Written by Alexandra Williams ‘17
On February 18, 2017 in the Grand Ballroom at the Omni Hotel, community organizer and activist, Opal Tometi, urged the room of seven hundred college students to remember that “We must invest in people of color” and that “we can’t be bystanders. We have to make interventions…both in real life and in online spaces.”
Her statements perfectly capture the mission of the 22nd annual Black Solidarity Conference at Yale (BSC). BSC is one of the largest undergraduate-run conferences in the country, with over seven hundred students from more than forty different colleges and universities joining us for four days of workshops, talks, panels, and social events. This year our theme was entitled, “A New Dawn, A New Day: Promoting and Protecting Blackness in the Digital Age.” The theme was designed to lead participants on a creative exploration of multidimensional Blackness in the digital age. By engaging with the digital platforms we often frequent (such as social media, journalism, apps, and hashtags) and bringing a diverse set of professionals and activists who use these platforms to the forefront, we sparked an analysis and discussion of technology’s role in our lives today and in the future. How does technology transform narratives, raise awareness, and provide new levels of agency and accountability to Black people across the diaspora? How should it? How can we, as students and change makers, leverage the powers of technology to better serve our different communities?
When Opal Tometi urged us to remain accountable to our own communities at our keynote event, I took a moment to look out to the dozens of tables populated with the most charismatic and driven students I have ever met. I took a deep breath and scanned the entire room. In that moment, I saw the manifestation of hundreds of hours of meetings, of mountains of emails, of funding applications, of moving furniture, of booking rooms, of serving on this board for four years. With just one look out onto the sea of beautiful Black and Brown faces upturned towards the stage, gleaming, I was overwhelmingly satisfied. I, along with my twenty BSC board members, were able to create an intervention - to create a space where all of these people of color were celebrated, empowered, and free to be as they are without constant scrutiny.
We created a space where, as one of our conference participants from a visiting school named it, everyone could “learn up and turn up.” We had lecture halls overflowing with eager students on topics ranging from Blackness in Media and Advertising featuring leading marketing executives from Pepsi and HBO to a talk from Feminista Jones on how Black women have harnessed the Internet as a collective community space. We had talks run overtime as students stayed to talk to visiting professors following their presentation on Blackness and Mental Health in the Digital Age in LC, and in WLH students kept their notebooks out to continue brainstorming following a discussion on Student Activism. But we also had students unafraid to laugh as loudly as they pleased as jokes were made on the Black Twitter panel, unbothered to break it down on the Toad’s dance floor, and willing to be themselves fully and unapologetically. This may seem “normal” or underwhelming, but for Black people it is incredibly freeing. It is often difficult to navigate predominantly white spaces when you are constantly judged to be a representative of your entire race – worried that any mistake, underperformance, laugh that is too loud, may undermine how others perceive you and your academic and professional capabilities. BSC serves as a four-day respite from that pressure. As a chance to meet new people, learn up, and turn up, without unwarranted judgment. I’d like to think it also serves as a platform for this feeling to grow, for more students to decide to continue to create interventions and spaces, both in real life and digitally, where we can feel accepted and empowered entirely as we are. I am honored and immensely grateful to have been able to serve on BSC Board for my four years at Yale and remain aware and hopeful of all that is left to be done.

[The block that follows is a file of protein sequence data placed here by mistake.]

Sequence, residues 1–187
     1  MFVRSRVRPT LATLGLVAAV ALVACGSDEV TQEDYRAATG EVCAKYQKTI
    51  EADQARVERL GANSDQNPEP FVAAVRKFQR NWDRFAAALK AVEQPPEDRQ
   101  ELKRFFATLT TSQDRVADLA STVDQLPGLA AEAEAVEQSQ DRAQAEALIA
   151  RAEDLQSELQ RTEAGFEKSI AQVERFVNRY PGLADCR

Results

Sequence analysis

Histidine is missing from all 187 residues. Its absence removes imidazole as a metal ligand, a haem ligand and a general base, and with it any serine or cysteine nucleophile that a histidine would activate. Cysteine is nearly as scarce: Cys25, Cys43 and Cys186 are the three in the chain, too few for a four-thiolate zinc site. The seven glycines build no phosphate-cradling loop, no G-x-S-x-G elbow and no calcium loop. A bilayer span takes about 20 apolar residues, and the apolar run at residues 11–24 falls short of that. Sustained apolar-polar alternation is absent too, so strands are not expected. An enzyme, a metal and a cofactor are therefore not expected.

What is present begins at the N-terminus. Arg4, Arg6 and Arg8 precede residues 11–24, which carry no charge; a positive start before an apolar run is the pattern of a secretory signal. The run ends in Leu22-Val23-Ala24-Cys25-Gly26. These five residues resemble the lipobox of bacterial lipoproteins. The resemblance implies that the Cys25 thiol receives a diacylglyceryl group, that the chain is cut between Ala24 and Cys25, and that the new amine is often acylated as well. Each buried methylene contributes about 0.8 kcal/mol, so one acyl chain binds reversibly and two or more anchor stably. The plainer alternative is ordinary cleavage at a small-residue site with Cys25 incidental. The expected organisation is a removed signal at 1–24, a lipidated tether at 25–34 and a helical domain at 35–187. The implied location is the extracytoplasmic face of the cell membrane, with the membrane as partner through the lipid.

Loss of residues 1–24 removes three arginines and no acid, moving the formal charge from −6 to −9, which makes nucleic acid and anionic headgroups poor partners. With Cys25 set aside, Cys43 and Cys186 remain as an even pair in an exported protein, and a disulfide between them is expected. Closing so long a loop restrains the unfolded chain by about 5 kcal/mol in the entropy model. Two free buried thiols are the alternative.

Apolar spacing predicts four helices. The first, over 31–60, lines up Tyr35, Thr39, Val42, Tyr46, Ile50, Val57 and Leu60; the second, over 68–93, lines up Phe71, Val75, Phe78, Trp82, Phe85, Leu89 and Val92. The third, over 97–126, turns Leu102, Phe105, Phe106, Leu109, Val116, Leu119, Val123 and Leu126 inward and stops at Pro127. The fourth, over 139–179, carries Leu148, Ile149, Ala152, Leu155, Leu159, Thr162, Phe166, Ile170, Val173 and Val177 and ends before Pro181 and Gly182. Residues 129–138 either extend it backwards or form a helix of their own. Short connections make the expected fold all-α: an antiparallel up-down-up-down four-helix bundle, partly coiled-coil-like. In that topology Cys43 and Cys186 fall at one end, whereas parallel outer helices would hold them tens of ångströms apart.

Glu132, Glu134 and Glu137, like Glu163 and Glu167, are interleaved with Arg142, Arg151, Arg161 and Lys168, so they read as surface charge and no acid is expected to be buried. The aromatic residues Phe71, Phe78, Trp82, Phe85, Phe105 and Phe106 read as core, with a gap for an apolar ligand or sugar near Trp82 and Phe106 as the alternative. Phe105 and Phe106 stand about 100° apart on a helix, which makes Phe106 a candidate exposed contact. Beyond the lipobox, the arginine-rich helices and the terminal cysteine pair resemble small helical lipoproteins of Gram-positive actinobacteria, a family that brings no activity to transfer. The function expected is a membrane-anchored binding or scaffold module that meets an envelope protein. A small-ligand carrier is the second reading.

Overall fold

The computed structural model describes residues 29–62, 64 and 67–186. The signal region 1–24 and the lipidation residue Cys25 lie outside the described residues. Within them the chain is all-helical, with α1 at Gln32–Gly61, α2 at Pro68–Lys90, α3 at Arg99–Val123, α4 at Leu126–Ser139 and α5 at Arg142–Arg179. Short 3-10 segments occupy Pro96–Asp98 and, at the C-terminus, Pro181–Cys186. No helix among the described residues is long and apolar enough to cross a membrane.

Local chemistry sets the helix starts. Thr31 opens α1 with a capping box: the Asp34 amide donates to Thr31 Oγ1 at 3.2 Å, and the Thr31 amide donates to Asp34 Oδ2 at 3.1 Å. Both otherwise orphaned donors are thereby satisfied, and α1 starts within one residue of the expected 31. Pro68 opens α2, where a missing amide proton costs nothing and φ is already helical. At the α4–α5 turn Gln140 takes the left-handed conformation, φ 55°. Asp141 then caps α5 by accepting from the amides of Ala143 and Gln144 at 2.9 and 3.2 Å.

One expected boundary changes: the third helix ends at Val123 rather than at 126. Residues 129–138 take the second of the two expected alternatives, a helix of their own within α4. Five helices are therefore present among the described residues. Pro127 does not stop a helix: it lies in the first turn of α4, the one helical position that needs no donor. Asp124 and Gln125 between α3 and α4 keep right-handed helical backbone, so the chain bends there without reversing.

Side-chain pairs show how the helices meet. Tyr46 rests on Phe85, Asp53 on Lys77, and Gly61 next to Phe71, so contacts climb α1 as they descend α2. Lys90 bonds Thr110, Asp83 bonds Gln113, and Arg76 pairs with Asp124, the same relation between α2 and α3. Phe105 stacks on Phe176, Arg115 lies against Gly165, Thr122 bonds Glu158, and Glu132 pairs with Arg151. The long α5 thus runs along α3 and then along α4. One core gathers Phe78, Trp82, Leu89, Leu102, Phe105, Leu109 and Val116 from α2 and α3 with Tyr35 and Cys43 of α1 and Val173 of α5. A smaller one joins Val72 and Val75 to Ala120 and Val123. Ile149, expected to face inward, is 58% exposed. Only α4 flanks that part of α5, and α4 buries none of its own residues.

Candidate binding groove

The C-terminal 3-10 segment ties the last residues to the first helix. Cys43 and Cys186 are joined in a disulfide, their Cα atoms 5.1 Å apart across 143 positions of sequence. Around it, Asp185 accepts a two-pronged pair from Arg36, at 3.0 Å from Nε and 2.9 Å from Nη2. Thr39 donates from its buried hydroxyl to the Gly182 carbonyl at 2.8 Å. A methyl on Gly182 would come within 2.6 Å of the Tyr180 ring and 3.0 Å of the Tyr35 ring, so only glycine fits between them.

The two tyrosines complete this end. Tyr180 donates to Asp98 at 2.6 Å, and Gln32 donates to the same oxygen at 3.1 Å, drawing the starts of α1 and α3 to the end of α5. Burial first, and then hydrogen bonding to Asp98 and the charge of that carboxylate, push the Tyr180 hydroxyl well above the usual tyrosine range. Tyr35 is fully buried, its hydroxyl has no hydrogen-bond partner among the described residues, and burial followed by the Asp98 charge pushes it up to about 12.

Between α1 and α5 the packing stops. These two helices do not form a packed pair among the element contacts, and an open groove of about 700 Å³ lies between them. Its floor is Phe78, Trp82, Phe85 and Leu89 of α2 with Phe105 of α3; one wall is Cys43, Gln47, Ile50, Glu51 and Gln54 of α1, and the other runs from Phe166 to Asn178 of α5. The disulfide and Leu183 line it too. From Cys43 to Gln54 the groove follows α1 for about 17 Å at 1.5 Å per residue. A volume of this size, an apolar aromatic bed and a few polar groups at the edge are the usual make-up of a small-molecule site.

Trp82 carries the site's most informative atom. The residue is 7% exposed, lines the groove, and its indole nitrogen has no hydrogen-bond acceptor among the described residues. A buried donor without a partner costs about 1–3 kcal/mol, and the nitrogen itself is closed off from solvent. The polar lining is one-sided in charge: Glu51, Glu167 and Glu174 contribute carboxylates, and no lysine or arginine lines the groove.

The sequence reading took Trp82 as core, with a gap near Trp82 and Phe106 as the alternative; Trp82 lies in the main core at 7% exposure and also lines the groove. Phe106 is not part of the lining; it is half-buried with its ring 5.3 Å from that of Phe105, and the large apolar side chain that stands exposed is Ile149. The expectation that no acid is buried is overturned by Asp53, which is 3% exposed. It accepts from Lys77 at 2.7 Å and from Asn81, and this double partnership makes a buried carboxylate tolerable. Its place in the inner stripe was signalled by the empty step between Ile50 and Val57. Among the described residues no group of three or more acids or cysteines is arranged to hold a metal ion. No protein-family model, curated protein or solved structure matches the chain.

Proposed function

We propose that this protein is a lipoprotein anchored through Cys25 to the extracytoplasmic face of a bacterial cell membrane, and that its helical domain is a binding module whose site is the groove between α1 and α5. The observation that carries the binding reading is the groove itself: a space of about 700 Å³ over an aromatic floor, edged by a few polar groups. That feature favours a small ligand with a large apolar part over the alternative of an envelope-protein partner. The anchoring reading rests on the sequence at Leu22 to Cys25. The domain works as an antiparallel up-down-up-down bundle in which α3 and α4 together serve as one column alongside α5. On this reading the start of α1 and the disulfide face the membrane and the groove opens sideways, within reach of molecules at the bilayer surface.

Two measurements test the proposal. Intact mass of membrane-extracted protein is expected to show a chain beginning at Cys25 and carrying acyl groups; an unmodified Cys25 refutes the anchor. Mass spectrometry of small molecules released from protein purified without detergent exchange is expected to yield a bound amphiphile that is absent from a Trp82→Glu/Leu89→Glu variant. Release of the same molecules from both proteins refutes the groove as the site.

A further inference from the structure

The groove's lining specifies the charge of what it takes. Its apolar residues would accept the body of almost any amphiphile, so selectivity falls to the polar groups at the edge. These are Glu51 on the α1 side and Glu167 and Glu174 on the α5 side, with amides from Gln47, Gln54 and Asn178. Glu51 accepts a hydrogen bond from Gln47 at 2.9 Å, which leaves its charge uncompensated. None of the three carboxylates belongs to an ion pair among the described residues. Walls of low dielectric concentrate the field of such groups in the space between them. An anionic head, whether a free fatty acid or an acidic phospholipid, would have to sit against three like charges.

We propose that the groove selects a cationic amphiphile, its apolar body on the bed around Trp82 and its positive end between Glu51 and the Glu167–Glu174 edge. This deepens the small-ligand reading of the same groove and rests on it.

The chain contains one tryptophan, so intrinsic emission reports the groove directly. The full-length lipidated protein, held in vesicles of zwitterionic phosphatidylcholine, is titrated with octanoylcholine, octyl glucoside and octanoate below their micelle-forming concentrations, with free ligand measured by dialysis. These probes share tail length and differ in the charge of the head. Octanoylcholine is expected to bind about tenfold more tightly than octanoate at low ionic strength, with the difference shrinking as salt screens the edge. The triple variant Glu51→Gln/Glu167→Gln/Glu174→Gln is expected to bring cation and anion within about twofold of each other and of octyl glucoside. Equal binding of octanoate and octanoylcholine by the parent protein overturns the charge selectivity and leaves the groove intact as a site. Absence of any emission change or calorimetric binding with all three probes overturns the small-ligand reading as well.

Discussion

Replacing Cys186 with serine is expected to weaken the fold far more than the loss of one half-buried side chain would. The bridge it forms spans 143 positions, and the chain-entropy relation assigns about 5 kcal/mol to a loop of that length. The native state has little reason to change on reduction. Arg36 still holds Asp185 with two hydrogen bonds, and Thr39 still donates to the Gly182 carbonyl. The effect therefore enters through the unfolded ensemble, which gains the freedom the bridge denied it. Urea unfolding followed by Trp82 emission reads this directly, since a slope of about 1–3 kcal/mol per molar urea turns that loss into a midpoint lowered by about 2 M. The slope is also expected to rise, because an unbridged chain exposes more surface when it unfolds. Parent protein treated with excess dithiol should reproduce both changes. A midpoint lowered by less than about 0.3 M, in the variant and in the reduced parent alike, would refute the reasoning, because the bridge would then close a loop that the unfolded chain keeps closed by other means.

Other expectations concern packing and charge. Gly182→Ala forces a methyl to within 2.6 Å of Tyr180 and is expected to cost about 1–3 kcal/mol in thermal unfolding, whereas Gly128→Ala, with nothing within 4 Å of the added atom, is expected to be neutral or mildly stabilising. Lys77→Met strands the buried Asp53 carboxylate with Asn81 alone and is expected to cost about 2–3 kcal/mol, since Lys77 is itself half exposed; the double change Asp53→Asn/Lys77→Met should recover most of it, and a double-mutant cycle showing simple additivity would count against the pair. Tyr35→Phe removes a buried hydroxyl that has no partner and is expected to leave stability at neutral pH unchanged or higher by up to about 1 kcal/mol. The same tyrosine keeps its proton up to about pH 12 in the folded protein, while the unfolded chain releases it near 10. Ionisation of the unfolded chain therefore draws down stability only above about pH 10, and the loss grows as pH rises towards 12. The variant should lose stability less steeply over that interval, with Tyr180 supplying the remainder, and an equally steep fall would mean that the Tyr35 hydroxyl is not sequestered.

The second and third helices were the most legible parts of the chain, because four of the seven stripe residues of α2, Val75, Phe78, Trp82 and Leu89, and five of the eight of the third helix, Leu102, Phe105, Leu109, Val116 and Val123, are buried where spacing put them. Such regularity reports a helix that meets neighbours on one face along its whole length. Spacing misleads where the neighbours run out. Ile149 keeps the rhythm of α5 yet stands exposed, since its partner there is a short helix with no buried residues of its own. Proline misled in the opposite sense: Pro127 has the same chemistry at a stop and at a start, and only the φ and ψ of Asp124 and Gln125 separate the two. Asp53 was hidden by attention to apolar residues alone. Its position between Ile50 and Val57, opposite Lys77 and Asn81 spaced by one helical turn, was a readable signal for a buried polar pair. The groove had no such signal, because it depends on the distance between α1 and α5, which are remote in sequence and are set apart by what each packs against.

Alexandra Williams is a Senior in Silliman College majoring in Political Science and served as President for Black Solidarity Conference 2017